“In terms of the environment, electricity is a better alternative to fossil diesel fuel. The new technology is also taking us closer to the Government’s objective of becoming emission-free,” says Mats Rosin, CEO of Finferries, which operates the majority of Finland’s commuter ferries.

The technology behind the electric ferry that runs between Grannäs and Högsar in Nauvo is simple. The electric motor on the ferry, which is equipped with a frequency converter, pulls the ferry along a steel cable from one side of the strait to the other. The electricity is supplied by Caruna’s distribution network. As the ferry makes progress, the electricity cable is automatically wound up on a coil inside the ferry.

For a couple of years now, the Nauvo electric ferry has served as a longer-term testing site for the increasing electrification of cable ferries. Despite the testing, the ferry provides a normal service, making around 100 trips per day across the strait, which is approximately 300 metres wide.

Färjerederiet, which operates ferries in Sweden, has substantially increased the number of electric ferries it operates in recent years. Rosin has visited Sweden to witness this himself.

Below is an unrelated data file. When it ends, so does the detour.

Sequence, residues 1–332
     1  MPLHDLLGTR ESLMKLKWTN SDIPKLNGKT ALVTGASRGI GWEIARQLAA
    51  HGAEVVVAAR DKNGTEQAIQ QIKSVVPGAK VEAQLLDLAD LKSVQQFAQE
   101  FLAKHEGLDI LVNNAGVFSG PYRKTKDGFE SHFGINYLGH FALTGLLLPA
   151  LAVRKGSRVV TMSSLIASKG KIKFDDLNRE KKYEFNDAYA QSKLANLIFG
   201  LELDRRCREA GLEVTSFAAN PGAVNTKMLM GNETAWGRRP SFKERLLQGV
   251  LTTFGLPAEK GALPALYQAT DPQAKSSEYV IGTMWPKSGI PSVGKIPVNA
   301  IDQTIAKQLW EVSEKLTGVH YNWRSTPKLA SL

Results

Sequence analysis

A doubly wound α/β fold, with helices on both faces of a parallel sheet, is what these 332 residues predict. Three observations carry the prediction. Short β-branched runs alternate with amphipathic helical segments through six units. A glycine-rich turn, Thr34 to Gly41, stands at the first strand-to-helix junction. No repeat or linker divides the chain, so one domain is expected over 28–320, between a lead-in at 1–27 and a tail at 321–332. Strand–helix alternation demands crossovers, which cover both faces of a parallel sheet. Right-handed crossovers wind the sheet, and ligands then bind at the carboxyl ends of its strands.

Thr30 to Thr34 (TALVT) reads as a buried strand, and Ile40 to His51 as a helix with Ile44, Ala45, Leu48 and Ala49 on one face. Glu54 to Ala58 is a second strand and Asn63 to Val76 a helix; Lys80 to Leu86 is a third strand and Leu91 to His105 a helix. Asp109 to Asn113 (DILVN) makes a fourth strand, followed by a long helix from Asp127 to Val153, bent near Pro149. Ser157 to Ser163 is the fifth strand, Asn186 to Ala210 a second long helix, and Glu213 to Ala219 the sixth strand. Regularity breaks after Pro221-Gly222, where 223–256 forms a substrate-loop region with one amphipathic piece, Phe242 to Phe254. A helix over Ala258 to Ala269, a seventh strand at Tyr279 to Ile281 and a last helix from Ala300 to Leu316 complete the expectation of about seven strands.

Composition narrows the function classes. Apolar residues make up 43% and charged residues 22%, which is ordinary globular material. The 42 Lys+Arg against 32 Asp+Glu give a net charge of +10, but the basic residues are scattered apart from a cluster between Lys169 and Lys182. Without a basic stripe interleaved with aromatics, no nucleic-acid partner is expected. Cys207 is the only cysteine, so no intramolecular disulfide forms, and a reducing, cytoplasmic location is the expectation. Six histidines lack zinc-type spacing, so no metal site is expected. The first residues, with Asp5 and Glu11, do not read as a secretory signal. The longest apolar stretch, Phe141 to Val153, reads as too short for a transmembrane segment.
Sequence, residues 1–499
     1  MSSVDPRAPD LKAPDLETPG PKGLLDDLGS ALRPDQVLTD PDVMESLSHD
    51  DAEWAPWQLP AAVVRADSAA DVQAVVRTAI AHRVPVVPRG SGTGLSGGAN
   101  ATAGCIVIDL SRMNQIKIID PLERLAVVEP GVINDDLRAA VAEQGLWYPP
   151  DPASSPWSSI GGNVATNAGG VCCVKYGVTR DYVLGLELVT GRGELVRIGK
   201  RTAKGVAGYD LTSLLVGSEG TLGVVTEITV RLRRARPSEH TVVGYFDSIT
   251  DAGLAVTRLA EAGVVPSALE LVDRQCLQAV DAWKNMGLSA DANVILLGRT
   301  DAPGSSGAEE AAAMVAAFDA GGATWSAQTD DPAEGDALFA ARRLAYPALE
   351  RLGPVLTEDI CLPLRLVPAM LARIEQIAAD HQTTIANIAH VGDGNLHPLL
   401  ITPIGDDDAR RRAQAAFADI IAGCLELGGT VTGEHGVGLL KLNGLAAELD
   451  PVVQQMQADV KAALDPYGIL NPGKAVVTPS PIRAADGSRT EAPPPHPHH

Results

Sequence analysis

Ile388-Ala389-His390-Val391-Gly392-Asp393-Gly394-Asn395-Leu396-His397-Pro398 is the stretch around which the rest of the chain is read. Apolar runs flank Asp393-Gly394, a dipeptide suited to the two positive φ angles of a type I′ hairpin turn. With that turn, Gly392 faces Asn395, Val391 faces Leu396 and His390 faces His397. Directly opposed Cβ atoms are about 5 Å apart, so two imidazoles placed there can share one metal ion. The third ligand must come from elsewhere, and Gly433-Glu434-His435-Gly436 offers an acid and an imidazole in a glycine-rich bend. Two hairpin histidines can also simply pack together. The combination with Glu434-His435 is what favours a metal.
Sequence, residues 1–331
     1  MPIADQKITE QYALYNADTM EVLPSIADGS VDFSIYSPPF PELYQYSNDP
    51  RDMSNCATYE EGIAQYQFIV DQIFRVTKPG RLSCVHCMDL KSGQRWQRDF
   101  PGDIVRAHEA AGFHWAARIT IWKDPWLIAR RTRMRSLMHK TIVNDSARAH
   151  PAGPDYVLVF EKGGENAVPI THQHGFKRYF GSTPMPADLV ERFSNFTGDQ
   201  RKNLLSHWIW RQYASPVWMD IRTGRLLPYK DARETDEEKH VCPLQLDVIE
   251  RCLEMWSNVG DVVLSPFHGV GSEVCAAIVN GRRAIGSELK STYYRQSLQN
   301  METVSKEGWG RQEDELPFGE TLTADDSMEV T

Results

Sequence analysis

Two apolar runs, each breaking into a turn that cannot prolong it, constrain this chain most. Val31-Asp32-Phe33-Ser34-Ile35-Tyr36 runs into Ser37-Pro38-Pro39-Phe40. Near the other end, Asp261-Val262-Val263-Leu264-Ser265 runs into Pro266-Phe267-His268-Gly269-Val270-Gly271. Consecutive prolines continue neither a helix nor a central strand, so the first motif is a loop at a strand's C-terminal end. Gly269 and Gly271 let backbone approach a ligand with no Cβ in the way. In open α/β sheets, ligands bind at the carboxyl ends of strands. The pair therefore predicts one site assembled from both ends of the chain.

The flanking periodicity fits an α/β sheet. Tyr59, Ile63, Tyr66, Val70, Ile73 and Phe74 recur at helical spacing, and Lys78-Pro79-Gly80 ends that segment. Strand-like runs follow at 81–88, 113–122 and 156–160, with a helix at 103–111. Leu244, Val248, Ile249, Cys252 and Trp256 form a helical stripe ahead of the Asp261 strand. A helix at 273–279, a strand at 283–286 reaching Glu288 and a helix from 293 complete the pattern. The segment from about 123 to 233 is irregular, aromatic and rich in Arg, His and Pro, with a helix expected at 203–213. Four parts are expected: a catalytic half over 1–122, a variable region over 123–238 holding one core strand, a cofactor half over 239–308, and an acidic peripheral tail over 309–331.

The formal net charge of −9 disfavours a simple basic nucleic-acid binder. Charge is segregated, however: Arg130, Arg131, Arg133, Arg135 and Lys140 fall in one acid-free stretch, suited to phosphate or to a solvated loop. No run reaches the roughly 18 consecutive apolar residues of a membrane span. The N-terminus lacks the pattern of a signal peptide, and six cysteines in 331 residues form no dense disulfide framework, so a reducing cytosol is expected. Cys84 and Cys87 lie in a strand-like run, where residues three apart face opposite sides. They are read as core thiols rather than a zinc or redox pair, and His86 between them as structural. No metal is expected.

“Ferry traffic is a basic service in Finnish society, so the technology needs to be mature and reliable before it can be adopted more widely. Good piloting is essential to ensure functionality and gain experience in various circumstances. In particular, the technology must be tested in the winter to ensure that it is guaranteed to work.”

The Nauvo cable ferry is also equipped with a diesel engine and a normal propeller system so that customer service is assured even in the event of an electricity outage.

“It has been necessary to fall back on the diesel engine from time to time when changes have been made to the electrical technology. In general, the electric ferry has worked effectively and reliably. The experience has been encouraging.”

According to Sami Sjöman, who drives the Nauvo ferry, the electric ferry is significantly easier to drive than a diesel ferry. The ferry is operated using a single joystick.

“The ferry is also quieter. In the summer, there have been plenty of passengers,” Sjöman says.

 

 

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